Charity: Physical punishment of children 'degrading'
on 02/09/2013 10:03:51
The Children's Rights Alliance said it wanted to increase pressure on the Government to meet its commitments under international law and ban corporal punishment.
Children's Minister Frances Fitzgerald has a deadline of September 27 to respond to the European Committee of Social Rights following a formal complaint against Ireland by the Association for the Protection of All Children (Approach).
The United Nations has also called for a ban.
As it stands under Irish law, parents, legal care-givers, childminders and foster parents have the right to punish children physically under reasonable chastisement.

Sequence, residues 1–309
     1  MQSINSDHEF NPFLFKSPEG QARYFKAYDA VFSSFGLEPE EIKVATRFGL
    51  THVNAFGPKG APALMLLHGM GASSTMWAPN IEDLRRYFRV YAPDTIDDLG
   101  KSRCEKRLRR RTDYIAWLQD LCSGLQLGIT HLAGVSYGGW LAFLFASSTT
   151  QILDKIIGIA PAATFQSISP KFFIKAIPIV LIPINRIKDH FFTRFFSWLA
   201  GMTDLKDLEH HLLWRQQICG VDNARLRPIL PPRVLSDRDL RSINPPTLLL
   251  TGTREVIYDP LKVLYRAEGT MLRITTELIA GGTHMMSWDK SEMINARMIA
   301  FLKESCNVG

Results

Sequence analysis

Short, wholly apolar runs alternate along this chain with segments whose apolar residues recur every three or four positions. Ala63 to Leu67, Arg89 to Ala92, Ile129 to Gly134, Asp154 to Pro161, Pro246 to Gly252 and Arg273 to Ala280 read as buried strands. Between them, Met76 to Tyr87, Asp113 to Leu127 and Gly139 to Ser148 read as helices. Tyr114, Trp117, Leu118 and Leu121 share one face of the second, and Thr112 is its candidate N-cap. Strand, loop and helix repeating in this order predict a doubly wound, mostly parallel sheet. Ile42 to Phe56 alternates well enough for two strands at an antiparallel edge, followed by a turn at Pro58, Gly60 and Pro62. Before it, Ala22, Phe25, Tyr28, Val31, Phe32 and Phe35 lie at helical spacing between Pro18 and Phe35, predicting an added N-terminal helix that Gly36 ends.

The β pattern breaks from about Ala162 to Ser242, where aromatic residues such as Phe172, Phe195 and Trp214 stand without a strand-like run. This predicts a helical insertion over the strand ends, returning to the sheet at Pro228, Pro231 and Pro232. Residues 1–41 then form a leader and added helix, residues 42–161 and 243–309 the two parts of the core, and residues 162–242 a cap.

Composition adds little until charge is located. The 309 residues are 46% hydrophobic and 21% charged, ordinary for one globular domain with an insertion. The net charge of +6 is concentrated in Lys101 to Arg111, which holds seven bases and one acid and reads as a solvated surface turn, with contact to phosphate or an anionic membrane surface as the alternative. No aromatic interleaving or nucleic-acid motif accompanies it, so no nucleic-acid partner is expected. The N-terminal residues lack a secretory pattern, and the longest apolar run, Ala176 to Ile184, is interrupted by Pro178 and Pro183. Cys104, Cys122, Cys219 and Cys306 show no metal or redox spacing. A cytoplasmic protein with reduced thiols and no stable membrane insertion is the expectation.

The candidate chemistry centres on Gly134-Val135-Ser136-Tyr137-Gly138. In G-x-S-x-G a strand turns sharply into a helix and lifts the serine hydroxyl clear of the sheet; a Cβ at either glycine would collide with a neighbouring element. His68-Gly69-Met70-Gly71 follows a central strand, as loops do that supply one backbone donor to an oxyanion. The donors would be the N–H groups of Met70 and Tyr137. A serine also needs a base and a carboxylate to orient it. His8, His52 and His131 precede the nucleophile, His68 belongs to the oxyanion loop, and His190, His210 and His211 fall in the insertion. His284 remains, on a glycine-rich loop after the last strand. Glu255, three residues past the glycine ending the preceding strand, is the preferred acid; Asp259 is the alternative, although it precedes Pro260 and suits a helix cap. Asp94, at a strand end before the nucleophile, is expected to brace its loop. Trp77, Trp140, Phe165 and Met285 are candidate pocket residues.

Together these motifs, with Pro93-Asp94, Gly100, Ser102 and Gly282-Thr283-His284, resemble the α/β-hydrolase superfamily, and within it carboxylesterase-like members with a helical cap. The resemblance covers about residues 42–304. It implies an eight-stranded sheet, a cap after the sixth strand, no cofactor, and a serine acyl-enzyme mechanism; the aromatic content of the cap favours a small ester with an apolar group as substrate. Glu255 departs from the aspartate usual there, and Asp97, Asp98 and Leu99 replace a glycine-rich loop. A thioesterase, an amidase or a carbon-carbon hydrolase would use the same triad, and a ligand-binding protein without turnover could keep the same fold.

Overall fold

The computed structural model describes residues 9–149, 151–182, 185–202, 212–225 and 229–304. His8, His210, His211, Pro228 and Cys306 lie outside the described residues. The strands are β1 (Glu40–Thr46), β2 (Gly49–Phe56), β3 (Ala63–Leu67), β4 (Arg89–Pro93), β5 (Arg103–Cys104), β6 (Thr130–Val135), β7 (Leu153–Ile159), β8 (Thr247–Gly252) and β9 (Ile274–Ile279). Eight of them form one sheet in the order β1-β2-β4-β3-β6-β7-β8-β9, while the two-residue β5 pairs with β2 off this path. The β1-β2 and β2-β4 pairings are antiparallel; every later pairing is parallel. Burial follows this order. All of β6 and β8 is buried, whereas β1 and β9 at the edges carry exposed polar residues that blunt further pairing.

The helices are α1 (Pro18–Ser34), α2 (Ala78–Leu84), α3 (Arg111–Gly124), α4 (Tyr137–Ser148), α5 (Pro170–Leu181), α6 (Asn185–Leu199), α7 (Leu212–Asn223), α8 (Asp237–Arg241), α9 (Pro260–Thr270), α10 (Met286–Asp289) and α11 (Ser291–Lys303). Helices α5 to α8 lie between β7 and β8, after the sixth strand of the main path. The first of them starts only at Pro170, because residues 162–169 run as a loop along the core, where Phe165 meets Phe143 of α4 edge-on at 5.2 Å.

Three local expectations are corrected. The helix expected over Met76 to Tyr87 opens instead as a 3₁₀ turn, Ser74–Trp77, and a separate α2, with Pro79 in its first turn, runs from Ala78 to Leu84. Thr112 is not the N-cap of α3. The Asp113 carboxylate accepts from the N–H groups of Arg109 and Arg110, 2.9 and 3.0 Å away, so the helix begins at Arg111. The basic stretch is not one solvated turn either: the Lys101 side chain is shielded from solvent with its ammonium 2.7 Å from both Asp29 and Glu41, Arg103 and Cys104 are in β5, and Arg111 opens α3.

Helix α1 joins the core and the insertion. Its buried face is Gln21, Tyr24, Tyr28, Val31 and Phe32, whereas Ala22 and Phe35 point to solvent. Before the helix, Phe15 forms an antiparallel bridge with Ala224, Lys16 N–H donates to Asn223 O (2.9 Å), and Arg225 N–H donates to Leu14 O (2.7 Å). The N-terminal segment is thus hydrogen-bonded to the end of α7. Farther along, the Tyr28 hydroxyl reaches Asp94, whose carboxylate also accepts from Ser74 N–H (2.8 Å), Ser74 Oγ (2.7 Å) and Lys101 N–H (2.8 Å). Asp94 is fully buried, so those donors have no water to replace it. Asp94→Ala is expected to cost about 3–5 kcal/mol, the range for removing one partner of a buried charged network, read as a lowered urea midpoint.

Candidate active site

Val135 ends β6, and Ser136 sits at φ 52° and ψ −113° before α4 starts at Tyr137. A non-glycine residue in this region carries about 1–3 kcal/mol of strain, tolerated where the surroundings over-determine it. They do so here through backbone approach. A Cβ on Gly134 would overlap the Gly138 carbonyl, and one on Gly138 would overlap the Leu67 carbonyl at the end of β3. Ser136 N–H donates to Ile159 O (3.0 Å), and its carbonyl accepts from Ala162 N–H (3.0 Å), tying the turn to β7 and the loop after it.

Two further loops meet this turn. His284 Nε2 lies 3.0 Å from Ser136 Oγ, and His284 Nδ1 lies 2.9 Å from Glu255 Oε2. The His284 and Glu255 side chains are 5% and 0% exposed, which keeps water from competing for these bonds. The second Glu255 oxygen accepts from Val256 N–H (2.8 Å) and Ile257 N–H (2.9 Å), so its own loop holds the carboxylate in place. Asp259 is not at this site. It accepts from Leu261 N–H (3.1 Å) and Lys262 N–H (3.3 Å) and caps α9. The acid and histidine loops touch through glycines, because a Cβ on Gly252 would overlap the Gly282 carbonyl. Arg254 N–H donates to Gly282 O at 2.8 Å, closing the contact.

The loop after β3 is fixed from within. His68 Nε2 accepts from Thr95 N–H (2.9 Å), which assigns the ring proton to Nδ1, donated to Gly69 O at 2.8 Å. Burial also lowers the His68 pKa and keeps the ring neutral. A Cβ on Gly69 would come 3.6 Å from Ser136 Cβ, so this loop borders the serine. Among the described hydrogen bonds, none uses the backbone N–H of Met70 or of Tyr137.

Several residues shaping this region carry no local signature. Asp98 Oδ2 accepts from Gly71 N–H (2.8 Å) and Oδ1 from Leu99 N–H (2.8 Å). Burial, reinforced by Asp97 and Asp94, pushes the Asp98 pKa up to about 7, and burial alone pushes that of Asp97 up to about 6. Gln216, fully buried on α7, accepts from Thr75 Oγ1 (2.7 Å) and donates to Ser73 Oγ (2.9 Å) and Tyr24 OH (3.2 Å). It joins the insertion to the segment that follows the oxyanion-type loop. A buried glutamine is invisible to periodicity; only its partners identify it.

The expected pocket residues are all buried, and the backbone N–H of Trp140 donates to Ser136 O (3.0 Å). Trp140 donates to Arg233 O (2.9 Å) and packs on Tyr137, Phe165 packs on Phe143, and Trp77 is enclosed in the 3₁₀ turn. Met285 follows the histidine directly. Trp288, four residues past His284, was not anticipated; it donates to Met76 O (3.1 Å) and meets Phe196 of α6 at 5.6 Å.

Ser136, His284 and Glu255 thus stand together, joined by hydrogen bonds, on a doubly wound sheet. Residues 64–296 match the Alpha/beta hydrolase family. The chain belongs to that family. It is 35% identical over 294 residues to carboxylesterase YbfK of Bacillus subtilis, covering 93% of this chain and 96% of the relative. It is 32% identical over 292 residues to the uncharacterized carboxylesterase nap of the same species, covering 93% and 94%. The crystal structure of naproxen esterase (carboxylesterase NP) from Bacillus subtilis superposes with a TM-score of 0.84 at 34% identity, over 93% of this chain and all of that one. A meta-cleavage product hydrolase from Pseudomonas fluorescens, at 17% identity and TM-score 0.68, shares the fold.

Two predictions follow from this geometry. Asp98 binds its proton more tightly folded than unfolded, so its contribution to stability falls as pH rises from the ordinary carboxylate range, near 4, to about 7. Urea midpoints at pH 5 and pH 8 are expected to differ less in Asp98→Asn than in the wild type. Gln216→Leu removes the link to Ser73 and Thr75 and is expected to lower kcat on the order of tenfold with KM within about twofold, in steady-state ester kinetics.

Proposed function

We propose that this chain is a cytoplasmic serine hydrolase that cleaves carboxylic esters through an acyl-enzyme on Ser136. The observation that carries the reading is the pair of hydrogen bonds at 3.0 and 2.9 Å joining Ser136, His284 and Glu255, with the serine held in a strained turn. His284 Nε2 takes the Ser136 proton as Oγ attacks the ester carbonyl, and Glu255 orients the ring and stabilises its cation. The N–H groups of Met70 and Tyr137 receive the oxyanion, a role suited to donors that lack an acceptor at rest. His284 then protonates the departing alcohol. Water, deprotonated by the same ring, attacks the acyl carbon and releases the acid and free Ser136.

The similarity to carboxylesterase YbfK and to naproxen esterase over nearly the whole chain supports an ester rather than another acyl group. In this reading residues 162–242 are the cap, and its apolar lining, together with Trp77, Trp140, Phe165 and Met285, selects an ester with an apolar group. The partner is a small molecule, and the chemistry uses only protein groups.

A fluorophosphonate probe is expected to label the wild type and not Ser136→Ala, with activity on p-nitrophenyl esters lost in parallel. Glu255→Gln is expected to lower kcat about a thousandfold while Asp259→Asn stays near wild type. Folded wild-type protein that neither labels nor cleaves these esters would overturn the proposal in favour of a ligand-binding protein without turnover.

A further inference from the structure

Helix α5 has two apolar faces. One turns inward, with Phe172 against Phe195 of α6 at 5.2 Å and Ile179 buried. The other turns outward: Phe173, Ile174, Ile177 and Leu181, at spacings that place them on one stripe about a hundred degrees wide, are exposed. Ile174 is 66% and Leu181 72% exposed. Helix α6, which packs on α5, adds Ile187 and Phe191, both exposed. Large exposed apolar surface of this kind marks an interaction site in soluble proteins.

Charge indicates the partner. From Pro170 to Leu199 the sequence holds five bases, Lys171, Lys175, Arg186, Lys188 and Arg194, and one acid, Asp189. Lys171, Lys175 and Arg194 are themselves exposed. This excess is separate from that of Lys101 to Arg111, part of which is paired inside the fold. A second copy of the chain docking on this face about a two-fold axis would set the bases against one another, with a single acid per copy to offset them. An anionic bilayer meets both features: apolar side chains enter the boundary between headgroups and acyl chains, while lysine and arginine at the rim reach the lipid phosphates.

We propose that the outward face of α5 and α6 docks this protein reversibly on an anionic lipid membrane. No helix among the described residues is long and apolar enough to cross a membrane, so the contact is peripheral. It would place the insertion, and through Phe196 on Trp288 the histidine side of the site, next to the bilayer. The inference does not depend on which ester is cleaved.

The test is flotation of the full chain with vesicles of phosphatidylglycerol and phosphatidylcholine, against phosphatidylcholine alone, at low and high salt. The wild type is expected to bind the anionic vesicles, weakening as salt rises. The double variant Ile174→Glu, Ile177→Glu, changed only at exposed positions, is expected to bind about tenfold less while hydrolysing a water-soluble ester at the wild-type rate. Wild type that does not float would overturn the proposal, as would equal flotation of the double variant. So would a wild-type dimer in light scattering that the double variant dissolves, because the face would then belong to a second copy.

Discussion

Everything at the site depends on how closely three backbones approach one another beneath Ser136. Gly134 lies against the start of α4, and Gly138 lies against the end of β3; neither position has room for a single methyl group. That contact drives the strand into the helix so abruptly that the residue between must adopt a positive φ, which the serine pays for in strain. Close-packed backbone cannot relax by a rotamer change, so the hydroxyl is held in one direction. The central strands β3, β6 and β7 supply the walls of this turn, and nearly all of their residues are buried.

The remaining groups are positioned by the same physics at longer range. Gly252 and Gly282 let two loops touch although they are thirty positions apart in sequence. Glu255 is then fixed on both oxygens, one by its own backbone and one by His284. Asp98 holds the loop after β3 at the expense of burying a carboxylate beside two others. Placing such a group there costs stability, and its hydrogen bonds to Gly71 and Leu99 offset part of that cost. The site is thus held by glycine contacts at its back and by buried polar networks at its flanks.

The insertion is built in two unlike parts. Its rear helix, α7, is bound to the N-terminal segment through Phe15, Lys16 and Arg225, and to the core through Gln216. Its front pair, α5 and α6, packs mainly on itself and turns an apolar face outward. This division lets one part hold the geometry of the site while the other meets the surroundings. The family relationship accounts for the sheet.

Children's Rights Alliance chief executive Tanya Ward said the law is unacceptable.
"All forms of violence against children are wrong," she said.
"Physical punishment of children is invariably degrading and harmful. It is abuse and ill-treatment, it never does any good. Our law recognises that we cannot strike another adult; why can we still strike children?
"Ireland has a responsibility to protect our most vulnerable in whatever context harm may arise - be that in the family home, in foster care or with a childminder."
The Children's Rights Alliance issued the call to coincide with youngsters returning to school over the last week and asking why they are protected in the education system but not the home.
"The State can no longer continue to ignore international and domestic calls for this harmful practice to come to an end," Ms Ward said.